Now I Know: Why Humanists Read Their Papers

Why Humanists Read Their Papers

I’d always wondered about this. Some years ago, I was invited by one of my colleagues to attend an American Studies conference on campus. When I went to his paper session, I was aghast–here was this talented, enthusiastic, master-of-multiple-technologies standing at the lectern, head bowed, reading a paper out loud. What’s more, the program that afternoon was filled with scores of other historians, literary scholars and theorists all doing the same thing.

Cathy Davidson’s contents that the practice isn’t just a bad habit, but rather, is the result of “deep epistemological assumptions about how we know and what is worth knowing.”

First, what the scientific method is to scientists, what such things as standard deviation are to statisticians and quantifying social scientists, rhetoric and logic are to humanists…Every humanist endures years of writing long papers and having them corrected not just for their content but for the micro-logics of each new twist and turn of the argument. Critics who challenge one another often do so based on small differentiations among big ideas. Often, in our field, we seemingly agree with one another on a whole list of major convictions and assumptions–but that doesn’t seem to prevent us from going at one another with both barrels over some logical mis-step.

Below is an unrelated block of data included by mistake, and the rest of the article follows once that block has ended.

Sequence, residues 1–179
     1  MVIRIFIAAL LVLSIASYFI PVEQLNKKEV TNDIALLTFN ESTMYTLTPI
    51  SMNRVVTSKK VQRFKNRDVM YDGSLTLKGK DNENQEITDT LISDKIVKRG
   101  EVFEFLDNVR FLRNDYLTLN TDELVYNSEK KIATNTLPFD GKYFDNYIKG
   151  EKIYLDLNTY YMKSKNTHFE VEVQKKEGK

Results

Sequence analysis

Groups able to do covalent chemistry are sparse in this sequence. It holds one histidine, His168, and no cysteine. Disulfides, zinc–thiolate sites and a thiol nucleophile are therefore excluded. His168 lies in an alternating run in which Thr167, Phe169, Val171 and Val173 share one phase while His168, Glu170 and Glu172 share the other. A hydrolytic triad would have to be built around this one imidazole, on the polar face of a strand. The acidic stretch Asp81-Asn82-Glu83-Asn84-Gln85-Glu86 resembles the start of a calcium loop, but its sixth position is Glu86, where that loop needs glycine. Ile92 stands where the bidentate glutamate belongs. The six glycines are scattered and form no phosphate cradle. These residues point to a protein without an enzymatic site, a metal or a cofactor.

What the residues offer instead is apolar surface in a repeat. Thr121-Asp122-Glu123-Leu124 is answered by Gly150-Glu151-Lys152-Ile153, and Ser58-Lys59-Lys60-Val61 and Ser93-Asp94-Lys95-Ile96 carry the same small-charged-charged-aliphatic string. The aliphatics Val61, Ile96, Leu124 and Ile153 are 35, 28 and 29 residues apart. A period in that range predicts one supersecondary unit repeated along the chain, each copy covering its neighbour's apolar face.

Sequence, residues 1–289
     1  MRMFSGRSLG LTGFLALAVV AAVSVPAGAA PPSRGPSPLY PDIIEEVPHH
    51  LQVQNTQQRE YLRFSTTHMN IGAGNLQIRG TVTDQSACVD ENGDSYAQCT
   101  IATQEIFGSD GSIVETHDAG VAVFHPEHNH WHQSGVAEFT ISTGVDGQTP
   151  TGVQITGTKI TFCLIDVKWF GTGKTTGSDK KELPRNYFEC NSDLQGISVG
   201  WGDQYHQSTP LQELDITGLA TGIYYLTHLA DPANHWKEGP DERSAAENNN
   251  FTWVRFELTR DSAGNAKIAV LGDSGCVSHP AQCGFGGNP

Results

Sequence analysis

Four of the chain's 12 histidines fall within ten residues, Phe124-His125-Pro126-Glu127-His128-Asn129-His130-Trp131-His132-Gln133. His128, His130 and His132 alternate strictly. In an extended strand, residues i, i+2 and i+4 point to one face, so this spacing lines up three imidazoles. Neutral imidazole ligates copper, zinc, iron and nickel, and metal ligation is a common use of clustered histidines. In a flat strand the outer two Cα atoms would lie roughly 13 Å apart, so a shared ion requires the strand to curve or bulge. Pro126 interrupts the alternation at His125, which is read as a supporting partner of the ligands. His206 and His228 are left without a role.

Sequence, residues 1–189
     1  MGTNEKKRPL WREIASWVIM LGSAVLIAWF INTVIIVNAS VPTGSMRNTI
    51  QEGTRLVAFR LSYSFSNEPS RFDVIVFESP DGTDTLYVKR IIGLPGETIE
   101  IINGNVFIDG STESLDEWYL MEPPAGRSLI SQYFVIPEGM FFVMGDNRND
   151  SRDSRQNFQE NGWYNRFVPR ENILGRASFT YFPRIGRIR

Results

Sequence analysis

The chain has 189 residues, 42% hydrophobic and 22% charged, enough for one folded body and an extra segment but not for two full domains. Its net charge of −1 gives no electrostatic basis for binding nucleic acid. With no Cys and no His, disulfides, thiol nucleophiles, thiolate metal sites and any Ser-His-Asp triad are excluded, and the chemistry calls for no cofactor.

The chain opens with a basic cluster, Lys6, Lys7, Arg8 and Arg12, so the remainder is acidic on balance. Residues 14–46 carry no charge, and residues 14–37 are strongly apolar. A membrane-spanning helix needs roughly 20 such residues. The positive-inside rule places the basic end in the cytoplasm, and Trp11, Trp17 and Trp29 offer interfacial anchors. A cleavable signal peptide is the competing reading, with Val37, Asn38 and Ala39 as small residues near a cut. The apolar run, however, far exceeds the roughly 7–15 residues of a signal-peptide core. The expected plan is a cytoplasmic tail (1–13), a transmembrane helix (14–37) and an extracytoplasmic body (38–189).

For the humanist, the argument is the core of the discipline–taking on an importance that those of us who labor in the “professional schools” will probably never comprehend. Carefully crafted arguments are important to me, but only as a method for stimulating or bringing about some sort of action–an improvement of practice.

It is, admittedly, very difficult to listen to a densely packed essay, with many twists and turns, with a thesis,and then a deliberate modification of that thesis, and then generalizations that account for both the thesis and its exemptions…And when someone is reading a densely argued paper there are really only two things one, as a member of the audience, can do: listen atttentively (honing one’s interpretive and critical skills) . . . or fall asleep!

This is a great reminder of how dramatically different the teaching and learning perspectives are among our various disciplines. Our approaches to pedagogy have to be as rich and varied as the disciplines we support.